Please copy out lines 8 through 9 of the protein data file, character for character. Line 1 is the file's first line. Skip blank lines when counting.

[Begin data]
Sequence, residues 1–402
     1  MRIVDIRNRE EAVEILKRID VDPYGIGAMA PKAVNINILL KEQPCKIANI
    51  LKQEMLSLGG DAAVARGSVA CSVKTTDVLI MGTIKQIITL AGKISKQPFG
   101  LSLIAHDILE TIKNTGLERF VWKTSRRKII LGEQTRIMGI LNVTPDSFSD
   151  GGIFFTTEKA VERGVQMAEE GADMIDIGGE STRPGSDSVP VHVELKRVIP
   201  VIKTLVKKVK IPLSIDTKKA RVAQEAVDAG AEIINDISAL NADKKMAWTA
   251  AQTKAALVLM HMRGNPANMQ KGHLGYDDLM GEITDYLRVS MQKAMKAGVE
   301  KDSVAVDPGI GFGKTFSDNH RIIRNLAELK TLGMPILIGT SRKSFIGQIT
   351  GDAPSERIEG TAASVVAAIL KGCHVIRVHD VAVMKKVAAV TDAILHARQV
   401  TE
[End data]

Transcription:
   301  KDSVAVDPGI GFGKTFSDNH RIIRNLAELK TLGMPILIGT SRKSFIGQIT
   351  GDAPSERIEG TAASVVAAIL KGCHVIRVHD VAVMKKVAAV TDAILHARQV